While I did not share some of Senator McCain’s political beliefs, I respected him for standing up for what was right instead of meekly following in the footsteps of his fellow Republicans.

My heart goes out to those who knew him and loved him. May his memory be a blessing and may we remember, as Americans, what he did for this country.

Wherever you are Senator, RIP.

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Filed under National News, Politics

Not That Bad: Dispatches from Rape Culture Book Review

Rape culture is an ugly, pervasive part of the human culture.

The new book, Not That Bad: Dispatches from Rape Culture, edited by Roxane Gay, is an anthology of stories about rape and sexual assault. While there is a diversity of contributors (including actress Gabrielle Union and writer Amy Jo Burns), the message is clear. Instead of being heard and those accused of sexual assault given their days in court, the contributors were shamed, discredited and bullied in response of being raped and sexually assaulted.

This book is nothing short of amazing and a must read for every adult. It brings the truth about rape and sexual assault into the light in a way that is unflinching, hard-hitting and in your face. It forces all of us to look in the mirror and ask ourselves if we will continue to allow such horrific acts to happen or if we will finally, as a culture, do something about it.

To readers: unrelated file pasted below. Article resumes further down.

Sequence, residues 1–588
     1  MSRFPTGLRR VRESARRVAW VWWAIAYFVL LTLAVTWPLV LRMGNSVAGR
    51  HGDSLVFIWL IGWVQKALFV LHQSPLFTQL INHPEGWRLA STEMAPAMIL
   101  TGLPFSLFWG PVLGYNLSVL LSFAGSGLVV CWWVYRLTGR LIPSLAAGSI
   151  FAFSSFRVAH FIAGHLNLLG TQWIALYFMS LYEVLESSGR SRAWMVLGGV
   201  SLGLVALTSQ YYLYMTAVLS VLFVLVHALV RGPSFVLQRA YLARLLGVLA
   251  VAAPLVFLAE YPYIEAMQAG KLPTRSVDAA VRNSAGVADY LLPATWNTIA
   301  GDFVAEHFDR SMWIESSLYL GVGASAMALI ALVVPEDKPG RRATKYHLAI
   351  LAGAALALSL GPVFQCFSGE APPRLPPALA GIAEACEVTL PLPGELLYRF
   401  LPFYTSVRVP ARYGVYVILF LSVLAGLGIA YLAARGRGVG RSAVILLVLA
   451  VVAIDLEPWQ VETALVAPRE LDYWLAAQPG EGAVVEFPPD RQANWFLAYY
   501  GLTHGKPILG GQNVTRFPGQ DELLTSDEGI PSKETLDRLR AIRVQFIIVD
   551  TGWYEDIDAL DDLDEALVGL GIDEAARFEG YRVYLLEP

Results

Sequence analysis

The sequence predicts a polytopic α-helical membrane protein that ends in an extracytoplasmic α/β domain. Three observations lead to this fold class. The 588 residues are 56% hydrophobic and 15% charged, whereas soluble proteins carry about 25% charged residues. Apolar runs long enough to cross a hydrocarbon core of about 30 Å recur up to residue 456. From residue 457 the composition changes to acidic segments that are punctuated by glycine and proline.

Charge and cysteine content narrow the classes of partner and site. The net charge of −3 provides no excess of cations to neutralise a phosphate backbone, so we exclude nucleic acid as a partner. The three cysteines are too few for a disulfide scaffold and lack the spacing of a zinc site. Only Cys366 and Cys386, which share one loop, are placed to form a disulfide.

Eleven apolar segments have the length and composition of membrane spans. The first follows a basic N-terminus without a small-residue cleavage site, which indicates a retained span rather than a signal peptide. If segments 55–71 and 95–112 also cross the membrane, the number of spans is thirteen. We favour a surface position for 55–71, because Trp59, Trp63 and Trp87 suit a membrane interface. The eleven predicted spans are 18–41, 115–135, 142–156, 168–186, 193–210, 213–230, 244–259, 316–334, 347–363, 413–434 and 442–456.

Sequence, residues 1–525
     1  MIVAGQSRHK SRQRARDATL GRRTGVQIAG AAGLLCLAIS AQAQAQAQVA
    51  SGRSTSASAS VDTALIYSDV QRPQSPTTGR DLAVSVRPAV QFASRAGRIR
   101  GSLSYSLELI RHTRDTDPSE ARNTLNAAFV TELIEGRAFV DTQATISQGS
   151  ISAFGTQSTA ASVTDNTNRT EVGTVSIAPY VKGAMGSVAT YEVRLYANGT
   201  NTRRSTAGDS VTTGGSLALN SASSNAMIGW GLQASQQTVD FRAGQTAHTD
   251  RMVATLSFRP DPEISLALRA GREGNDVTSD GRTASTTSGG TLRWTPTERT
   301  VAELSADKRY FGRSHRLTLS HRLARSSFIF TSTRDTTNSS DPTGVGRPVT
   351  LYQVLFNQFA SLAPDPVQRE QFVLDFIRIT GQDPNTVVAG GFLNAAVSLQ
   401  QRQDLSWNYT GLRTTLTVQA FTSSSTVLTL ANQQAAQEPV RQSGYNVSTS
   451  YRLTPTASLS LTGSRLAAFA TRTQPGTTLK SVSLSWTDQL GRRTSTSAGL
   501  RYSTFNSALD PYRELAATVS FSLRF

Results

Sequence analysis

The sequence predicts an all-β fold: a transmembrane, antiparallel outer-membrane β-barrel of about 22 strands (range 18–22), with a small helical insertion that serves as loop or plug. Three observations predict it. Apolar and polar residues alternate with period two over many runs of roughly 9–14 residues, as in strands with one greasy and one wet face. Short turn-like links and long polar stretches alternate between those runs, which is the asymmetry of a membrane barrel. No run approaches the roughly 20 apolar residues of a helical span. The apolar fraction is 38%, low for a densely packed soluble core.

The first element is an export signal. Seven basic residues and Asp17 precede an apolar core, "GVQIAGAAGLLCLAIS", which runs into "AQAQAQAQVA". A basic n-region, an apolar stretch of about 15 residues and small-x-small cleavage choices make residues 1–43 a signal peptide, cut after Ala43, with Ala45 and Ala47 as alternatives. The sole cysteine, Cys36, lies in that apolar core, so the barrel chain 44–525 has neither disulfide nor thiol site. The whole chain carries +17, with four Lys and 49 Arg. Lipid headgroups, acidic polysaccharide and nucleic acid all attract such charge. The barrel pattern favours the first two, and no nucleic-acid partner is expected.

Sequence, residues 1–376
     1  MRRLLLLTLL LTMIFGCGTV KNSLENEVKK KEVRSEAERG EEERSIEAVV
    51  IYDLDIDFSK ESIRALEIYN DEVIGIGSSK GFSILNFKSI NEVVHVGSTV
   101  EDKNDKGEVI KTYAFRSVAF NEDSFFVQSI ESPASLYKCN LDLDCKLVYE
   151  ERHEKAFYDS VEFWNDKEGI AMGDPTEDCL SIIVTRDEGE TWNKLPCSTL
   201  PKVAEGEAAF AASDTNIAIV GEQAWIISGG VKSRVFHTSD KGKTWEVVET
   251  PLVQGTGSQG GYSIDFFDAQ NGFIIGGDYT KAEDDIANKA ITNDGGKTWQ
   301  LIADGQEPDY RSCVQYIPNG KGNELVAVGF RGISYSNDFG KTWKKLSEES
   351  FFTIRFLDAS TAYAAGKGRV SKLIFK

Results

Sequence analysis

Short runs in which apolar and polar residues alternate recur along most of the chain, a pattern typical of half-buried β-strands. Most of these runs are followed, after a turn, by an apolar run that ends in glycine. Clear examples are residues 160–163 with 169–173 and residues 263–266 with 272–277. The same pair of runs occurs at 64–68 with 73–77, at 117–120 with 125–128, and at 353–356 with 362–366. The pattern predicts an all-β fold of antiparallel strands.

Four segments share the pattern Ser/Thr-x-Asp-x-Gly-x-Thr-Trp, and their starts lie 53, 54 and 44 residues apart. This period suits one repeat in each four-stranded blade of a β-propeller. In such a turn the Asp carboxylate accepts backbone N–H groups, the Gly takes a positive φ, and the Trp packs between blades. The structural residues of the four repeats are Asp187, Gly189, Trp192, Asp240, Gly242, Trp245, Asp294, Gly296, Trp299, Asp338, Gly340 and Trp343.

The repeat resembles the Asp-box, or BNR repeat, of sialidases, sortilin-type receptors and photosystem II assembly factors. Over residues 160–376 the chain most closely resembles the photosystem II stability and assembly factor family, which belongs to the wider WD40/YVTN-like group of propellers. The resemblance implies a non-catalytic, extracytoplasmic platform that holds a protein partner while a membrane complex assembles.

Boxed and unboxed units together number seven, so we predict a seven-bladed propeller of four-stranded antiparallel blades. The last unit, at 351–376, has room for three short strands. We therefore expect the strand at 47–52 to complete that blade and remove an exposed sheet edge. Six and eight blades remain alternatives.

I absolutely recommend it.

 

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Filed under Book Review, Books, Feminism

Crazy Rich Asians Movie Review

One of the most common tropes of the romantic comedy genre is the objection to one half of the lead couple by their well-meaning family and/or friends. The question is, is this common narrative used wisely or is it an easy way out by the writer or writers?

In the new movie Crazy Rich Asians (based upon the book of the same name by Kevin Kwan), Rachel Chu (Constance Wu) is a Chinese American college professor living and working in New York City. She has been dating Nick Young (Henry Golding) for a year when he invites her to join him at a family wedding in Singapore. Nick hasn’t exactly been forthcoming  with Rachel about who his family is in the social hierarchy of Singaporean society. When they get to Singapore, Nick’s mother, Eleanor (Michelle Yeoh) isn’t exactly pleased with her son’s choice of a partner.

But Rachel is not without allies. Her college roommate, Peik Lin Goh (Awkwafina) is from Singapore and has been begging Rachel to come visit for while. Rachel also becomes close friends with Nick’s cousin, Astrid Young Teo (Gemma Chan), whose life is not as perfect as it seems. Will Rachel and Nick live out their happily ever after or will his family get in the way?

While Crazy Rich Asians falls squarely within the romantic comedy genre (with the standard character tropes and narrative), it is not the same old, dry predictable romantic comedy. Aside from a cast of Asian and Asian-American actors (which is a long time coming), the movie is funny, charming, romantic and heaves much needed life into a genre that for many died a long time ago.